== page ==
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The North American monsoon, which has brought localized but dangerous flash flooding to parts of the southwestern United States over the past week, will ease back into the upcoming weekend.
A monsoon is a change in wind direction that can trigger long-duration rainfall or dry weather. The monsoon is well known in southeast Asia, but it occurs in other parts of the world as well.
In the case of the southwestern United States, this change in wind direction happens when breezes bring up moist air from Mexico that has originated from the Gulf of Mexico and the tropical Pacific Ocean.
The circulation around an area of high pressure that has been centered over the southern Plains has allowed winds to transport moisture from the Gulf of Mexico into the Southwest.
As a result, some locations have received over 300 percent of their normal July precipitation in the first half of the month alone.
One of these locations is Twentynine Palms, California, where three times the normal July rainfall fell in a single day, with over 1.5 inches falling on July 11.
Palm Springs, California, was also hit by torrential downpours and flash flooding on July 11 when about 1 inch of rain fell in 90 minutes.
In the Phoenix area, between 0.50 and 1.50 inches of rain fell in a few hours on July 9.
On July 15, a massive flash flood struck the Prescott Valley near Flagstaff, Arizona, after as much as 2 inches of rain inundated parts of the area.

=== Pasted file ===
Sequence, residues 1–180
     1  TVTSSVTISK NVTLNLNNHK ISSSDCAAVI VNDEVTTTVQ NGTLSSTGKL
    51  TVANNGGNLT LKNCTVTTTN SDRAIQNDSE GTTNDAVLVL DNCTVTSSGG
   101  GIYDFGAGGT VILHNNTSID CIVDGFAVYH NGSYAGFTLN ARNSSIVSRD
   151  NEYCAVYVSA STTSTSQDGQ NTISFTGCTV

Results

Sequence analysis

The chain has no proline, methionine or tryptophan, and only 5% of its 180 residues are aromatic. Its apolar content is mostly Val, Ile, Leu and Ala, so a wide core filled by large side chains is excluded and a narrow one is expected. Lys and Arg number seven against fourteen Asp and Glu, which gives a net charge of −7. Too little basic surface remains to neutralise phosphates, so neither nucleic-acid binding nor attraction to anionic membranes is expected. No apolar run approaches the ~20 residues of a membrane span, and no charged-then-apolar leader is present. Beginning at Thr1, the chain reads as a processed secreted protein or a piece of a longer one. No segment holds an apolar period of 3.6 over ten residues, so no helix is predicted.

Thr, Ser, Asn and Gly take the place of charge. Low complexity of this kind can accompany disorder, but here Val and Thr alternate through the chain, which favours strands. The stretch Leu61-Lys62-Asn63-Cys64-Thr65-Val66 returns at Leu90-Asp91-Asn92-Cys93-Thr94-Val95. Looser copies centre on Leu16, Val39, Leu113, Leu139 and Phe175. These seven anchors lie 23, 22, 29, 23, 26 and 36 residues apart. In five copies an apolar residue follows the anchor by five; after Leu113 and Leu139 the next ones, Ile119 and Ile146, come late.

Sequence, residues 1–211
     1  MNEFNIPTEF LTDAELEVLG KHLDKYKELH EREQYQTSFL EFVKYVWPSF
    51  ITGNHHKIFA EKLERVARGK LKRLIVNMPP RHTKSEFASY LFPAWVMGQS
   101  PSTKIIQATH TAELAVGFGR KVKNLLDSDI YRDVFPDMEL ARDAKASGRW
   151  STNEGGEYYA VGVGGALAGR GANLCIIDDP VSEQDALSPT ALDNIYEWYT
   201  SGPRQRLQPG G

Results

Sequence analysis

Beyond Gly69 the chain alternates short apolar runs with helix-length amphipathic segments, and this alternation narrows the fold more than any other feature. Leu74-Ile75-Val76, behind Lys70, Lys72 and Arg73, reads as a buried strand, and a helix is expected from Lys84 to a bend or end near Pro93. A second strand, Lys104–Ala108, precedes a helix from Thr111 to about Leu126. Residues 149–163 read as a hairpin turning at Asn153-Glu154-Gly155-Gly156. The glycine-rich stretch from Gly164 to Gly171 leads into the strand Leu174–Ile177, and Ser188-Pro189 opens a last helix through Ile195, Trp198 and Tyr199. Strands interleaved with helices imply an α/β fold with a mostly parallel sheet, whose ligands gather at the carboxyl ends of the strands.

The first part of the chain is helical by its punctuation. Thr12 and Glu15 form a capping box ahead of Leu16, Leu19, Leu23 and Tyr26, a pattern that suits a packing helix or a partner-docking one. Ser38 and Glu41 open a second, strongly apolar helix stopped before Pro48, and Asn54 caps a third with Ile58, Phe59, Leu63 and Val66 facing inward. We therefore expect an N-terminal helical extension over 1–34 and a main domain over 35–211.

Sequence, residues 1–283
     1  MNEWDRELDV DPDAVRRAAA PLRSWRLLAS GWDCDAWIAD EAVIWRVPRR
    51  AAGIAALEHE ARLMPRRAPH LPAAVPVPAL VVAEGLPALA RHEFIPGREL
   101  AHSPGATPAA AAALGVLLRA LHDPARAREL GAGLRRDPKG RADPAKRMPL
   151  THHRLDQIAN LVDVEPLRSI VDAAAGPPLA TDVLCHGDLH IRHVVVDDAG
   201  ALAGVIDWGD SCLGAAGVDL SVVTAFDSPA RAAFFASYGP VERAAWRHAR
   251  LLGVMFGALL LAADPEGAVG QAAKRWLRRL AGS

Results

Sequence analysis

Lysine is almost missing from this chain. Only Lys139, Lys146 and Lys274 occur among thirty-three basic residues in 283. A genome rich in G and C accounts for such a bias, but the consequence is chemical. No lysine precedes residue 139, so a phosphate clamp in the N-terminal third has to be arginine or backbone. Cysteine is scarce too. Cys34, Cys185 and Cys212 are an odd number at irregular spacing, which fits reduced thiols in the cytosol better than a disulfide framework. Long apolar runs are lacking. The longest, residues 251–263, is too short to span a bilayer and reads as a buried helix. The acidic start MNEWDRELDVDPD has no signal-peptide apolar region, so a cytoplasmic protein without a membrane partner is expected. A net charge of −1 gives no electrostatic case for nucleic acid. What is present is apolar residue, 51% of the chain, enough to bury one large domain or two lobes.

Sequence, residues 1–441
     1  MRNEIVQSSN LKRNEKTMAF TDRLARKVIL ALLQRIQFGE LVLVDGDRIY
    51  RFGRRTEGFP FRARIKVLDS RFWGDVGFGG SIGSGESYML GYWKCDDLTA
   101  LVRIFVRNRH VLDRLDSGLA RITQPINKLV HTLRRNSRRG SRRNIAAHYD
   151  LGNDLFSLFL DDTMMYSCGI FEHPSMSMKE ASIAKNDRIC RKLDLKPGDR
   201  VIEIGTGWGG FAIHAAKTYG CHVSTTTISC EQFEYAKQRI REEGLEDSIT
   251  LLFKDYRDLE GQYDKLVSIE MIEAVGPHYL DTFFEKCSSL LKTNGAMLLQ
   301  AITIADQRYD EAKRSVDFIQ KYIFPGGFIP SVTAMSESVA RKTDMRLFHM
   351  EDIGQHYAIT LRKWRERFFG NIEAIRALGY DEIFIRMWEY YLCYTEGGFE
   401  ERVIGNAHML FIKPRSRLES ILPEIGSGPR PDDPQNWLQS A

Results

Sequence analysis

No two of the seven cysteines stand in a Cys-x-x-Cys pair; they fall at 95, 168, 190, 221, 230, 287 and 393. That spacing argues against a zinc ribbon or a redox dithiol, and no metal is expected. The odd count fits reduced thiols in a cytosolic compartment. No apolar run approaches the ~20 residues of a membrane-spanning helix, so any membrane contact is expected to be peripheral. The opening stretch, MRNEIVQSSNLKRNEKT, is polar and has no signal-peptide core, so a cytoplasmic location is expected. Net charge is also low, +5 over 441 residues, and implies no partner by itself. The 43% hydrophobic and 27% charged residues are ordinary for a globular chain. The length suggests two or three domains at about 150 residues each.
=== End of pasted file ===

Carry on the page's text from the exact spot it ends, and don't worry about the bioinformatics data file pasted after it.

Parts of Utah have been hit hard with debris jams and mudslides, as well.
INSANE flash flood with big-time debris plug, massive trees in flow in Johnson Canyon just east of Kanab, UT! First solo flood intercept with @Rankinstudio currently in a different position waiting for another monster flash flood— Reed Timmer (@ReedTimmerAccu) July 17, 2018
Monsoon coverage continues for @breakingweather pic.twitter.com/aw9LA69UxY
NEW: close-range flash flood in Wahweap Wash in southern Utah with debris plug including pine cones from closer to the origin at higher elevation! @Rankinstudio @breakingweather #monsoon pic.twitter.com/OTiq7shn2v— Reed Timmer (@ReedTimmerAccu) July 16, 2018
The high pressure that has been over the southern Plains will shift westward and anchor itself over the Four Corners region.
With the high overhead, the moist, southeasterly flow will be cut off as winds subside with sinking air beneath the high.
“Shower and thunderstorm activity will be more localized compared to recent days across the Four Corner states, with the highest elevations having the best chance to see some rain,” AccuWeather Meteorologist Brett Rathbun said.
Even though fewer locations will be impacted by daily downpours, Rathbun warned that any slow-moving, heavier downpours can still produce flash flooding.
Storms will be most prominent during the afternoon and evening hours, when sunshine heats up the ground and makes the atmosphere more unstable.
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When the moist flow from the Gulf of Mexico becomes cut off, storms generally erupt over the mountains and do not move much since there is no wind to guide them.
Otherwise, the respite in the monsoon should allow typically dry stream beds, known as arroyos, that were turned into raging torrents over the past few days to return to their dry state.
However, in areas that did not receive any rain, the drier times ahead will only exacerbate the severe to extreme drought that is gripping much of the region.
Looking ahead to next week, the monsoon is not forecast to regain the same intensity that it had over the past week.
“By next week, the high should remain strong enough to significantly limit activity across parts of the Southwest, although Colorado and New Mexico could become more active,” said Rathbun.
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